The Migrating Black Female Body in 1920s Central and Eastern Europe: Josephine Baker’s Reception in Vienna, Zagreb, Belgrade, and Istanbul
Central European History Society 1
Glamorous, lascivious, exotic, and erotic, African American entertainer Josephine Baker captured the attention, imagination, and wallets of Western Europeans throughout the 1920s and 1930s. Contemporary portrayals of Baker tend to depict her as a modern day transnational success story whose wild dancing and exotic body enticed Parisians and Londoners to shrug off the traumas of WWI and shimmy away their troubles in jazz clubs. A fascinating mix of the “primitive” and the “modern,” the Old World and New, Josephine Baker’s blackness, her gender, and her nationality as an American were celebratory markers of a new transatlantic era between Europe and the United States. Yet Josephine Baker’s travels outside of Western Europe tell a different story than the one we usually hear of black triumph across the Atlantic.
This panel explores Josephine Baker’s travels away from Paris and London to Central and Eastern Europe. Collectively, we argue that Josephine Baker reception in cities such as Vienna, Zagreb, Belgrade, and Istanbul reveal different processes of transnationalism and migration at work. Josephine Baker’s traveling revues became sites where audiences confronted their own nationalist, ethnic, racial, class, and gendered anxieties about their changing post-WWI world. Her migrating body represented in these different Central and Eastern European cities the ascendance or decline of their localities in new and controversial ways.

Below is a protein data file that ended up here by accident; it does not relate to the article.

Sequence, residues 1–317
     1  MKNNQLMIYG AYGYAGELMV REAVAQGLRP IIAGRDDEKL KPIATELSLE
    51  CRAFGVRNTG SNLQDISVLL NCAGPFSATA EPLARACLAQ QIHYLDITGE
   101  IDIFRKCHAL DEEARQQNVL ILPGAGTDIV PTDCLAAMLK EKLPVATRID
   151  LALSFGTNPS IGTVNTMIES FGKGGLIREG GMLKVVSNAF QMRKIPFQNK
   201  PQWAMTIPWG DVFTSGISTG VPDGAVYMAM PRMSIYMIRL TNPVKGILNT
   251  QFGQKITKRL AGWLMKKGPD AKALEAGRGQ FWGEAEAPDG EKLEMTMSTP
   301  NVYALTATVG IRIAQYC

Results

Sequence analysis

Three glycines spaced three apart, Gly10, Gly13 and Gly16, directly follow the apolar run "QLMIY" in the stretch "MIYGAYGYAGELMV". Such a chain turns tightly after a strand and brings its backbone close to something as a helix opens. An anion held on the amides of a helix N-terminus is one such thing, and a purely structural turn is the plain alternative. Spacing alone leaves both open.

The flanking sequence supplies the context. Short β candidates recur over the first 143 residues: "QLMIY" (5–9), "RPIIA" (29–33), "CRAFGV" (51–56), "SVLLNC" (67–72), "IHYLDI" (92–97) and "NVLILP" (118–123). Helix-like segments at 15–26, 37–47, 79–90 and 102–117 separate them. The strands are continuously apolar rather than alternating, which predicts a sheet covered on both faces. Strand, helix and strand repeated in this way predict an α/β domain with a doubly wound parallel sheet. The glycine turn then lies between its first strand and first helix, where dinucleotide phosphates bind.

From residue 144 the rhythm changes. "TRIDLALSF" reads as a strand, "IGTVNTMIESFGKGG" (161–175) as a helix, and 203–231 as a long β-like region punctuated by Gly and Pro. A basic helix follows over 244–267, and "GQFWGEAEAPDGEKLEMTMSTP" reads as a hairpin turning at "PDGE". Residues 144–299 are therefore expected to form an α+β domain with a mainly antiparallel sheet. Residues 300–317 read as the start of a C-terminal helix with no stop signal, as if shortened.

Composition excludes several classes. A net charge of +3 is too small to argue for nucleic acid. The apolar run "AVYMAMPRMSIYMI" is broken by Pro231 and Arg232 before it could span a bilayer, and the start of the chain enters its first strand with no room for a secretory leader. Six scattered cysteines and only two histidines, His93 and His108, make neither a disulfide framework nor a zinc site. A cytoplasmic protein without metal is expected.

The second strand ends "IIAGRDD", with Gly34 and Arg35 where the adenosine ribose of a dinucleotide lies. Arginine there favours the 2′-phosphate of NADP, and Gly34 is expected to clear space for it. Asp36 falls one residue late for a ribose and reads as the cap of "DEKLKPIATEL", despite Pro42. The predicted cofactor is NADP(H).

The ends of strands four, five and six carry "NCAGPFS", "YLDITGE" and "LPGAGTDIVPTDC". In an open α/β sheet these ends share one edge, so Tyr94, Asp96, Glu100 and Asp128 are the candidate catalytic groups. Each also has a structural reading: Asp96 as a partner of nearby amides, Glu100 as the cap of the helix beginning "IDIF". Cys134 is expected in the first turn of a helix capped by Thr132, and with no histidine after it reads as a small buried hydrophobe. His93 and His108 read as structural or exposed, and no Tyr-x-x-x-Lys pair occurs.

Using documents collected in archives in the United States and in Central and Eastern Europe, the panelists present the migrating black female body of Josephine Baker in entirely new contexts. Kira Thurman examines how Vienna’s rejection of “die Baker” in the former Habsburg capital reflected emerging political and nationalist discourses. Jovana Babovic demonstrates that Josephine Baker’s performances in two Yugoslavian cities (Belgrade and Zagreb) had wildly different outcomes: in Belgrade, Baker was the talk of the town yet in Zagreb, listeners booed Baker off stage and pelted her with rotten fruit. Babovic argues that new processes of Europeanization in these Yugoslavian cities shaped these two centers’ responses to Josephine Baker’s performance. Carole Woodall’s analysis of “Jozefin Beyker” in 1920s Istanbul contextualizes her performance within ongoing post-Ottoman debates about femininity and race in the early Turkish republic. All of these papers reveal the convergence between the global and the local, the Old World and the New, as they trace the migration of a single black female body across numerous zones and spaces.